KAMAY, TEXAS. Kamay, also known as Kemp City, is on State Highway 258 twelve miles southwest of Wichita Falls in southwestern Wichita County. The settlement developed in 1912, when Joseph A. Kemp of Wichita Falls, W. Munger of Dallas, and Reese S. Allen of Electra formed a land company that purchased 1,000 acres of Wichita River valley land for resale. Though some of the land was indeed sold to farmers, by 1920 the investors, spurred by earlier discoveries in Wichita County, had turned their attention to oil exploration. With an investment of $50,000 they established the K-M-A Oil Company, its name formed from the first letter of each of the three principals' last names. Several producing wells were drilled, and a community developed there. The town's name, originally the surnames of the three investors, was shortened to K-M-A, and by 1928 had become Kemp City. The original wells stopped producing during the 1930s, but new, deeper wells were drilled successfully, and by 1938 more than 100 were operating in and around Kemp City. In addition, three natural gas-processing plants were located there. By the late 1930s the community's name had again been changed; Texas already had a post office operating under the name Kemp, and using the initials K-M-A as the community's name was also deemed unacceptable. The name Kamay solved the problem of a permanent name for the community, though the name Kemp City remained in use as well. Though oil production slowed after the 1930s, the community had by then become firmly established. By the late 1940s Kamay had twenty-one rated businesses and a population of 700; its population continued to be reported at that level through the mid-1950s, when the community had twenty-seven rated businesses. From the late 1950s to 1990 Kamay reported a population of 642. It had thirteen rated businesses in 1990. The population remained the same in 2000 with seven businesses.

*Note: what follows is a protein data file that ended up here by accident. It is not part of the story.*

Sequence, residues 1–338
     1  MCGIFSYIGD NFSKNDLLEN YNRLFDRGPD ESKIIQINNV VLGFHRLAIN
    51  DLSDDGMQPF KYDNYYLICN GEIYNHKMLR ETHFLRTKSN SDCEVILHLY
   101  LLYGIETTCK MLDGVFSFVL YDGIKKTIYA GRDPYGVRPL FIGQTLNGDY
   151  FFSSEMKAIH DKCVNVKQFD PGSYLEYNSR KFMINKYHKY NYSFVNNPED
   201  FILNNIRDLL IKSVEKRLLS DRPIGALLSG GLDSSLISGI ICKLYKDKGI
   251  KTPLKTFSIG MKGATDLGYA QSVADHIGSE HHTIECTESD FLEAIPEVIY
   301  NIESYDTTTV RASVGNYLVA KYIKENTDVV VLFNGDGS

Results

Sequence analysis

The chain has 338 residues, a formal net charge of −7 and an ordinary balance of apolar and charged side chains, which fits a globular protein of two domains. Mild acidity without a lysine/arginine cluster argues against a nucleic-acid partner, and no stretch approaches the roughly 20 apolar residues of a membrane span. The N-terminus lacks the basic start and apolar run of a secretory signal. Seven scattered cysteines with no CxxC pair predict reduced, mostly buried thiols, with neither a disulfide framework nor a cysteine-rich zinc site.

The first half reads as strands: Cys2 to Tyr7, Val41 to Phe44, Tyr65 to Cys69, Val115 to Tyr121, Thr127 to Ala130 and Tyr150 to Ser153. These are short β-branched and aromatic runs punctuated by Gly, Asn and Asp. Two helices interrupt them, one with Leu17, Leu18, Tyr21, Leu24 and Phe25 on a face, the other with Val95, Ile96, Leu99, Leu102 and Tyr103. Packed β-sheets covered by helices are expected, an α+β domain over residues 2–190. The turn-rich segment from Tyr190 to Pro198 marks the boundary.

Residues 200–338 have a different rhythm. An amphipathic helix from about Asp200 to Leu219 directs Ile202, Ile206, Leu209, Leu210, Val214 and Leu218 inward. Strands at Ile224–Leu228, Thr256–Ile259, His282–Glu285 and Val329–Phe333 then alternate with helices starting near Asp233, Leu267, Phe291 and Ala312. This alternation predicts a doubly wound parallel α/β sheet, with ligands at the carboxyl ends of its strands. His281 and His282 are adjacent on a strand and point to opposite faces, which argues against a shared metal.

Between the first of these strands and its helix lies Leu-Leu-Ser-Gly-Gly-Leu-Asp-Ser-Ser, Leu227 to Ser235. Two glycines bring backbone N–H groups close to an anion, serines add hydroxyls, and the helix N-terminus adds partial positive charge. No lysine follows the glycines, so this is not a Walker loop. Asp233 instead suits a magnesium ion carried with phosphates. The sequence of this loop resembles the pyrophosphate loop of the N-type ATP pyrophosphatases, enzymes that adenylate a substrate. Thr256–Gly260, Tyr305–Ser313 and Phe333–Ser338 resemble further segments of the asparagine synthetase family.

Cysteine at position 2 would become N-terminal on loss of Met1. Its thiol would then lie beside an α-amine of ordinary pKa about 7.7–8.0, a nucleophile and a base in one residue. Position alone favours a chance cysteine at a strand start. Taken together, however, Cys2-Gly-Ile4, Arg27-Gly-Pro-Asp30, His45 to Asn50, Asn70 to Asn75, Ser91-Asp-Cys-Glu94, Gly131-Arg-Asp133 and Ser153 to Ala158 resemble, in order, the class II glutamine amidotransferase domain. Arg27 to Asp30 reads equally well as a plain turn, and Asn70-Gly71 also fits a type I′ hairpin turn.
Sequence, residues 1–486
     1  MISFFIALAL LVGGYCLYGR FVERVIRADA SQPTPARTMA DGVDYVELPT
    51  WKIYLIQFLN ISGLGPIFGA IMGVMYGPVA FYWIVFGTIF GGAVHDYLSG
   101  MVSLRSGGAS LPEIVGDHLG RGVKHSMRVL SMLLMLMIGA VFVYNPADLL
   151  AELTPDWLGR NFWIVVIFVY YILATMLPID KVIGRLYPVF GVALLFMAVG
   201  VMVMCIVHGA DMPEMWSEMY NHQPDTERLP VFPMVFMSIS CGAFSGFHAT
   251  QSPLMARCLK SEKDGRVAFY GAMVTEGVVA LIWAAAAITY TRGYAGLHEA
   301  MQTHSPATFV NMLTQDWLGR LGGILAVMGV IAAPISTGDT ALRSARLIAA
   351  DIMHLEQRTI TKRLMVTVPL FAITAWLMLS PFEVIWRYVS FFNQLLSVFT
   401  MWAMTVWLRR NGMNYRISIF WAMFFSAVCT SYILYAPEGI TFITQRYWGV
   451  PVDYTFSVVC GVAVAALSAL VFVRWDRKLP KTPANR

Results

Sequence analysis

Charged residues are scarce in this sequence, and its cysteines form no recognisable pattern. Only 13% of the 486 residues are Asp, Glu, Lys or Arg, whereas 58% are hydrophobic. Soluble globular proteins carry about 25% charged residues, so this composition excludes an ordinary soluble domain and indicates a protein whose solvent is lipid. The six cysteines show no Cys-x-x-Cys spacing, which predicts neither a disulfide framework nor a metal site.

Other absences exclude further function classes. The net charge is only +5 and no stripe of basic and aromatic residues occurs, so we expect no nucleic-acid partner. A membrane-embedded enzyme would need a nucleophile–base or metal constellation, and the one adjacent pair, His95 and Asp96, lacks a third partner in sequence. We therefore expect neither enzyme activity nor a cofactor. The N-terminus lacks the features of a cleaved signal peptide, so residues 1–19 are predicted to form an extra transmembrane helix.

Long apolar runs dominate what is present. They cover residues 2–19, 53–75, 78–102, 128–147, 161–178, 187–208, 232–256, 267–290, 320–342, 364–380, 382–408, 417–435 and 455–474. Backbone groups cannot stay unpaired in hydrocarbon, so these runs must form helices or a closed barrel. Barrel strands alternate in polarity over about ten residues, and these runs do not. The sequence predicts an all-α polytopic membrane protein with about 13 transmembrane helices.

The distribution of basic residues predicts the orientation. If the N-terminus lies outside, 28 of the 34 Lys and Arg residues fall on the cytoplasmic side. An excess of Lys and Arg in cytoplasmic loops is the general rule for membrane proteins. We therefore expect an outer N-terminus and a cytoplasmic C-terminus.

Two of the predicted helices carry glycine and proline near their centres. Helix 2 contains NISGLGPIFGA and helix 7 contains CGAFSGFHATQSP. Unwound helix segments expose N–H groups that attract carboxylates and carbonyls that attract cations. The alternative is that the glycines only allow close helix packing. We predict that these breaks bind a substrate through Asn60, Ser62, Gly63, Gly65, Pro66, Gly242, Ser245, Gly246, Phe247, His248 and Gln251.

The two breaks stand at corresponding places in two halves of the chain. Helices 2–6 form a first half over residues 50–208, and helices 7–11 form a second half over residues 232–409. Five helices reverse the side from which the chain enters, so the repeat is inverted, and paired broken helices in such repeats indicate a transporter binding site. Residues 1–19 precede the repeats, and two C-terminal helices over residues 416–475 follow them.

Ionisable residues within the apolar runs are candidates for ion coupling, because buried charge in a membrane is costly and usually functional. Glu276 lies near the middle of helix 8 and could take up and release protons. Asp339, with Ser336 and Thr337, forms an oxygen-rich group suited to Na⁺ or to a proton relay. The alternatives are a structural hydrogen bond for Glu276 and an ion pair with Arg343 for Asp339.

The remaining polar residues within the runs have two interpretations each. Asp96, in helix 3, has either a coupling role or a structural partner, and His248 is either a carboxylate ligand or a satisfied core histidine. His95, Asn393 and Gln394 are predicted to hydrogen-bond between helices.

Image Use Disclaimer
All copyrighted materials included within the Handbook of Texas Online are in accordance with Title 17 U.S.C. Section 107 related to Copyright and “Fair Use” for Non-Profit educational institutions, which permits the Texas State Historical Association (TSHA), to utilize copyrighted materials to further scholarship, education, and inform the public. The TSHA makes every effort to conform to the principles of fair use and to comply with copyright law.
For more information go to: http://www.law.cornell.edu/uscode/17/107.shtml
If you wish to use copyrighted material from this site for purposes of your own that go beyond fair use, you must obtain permission from the copyright owner.
The following, adapted from the Chicago Manual of Style, 15th edition, is the preferred citation for this article.Handbook of Texas Online, Brian Hart, "Kamay, TX," accessed March 01, 2017, http://www.tshaonline.org/handbook/online/articles/hlk01.
Uploaded on June 15, 2010. Published by the Texas State Historical Association.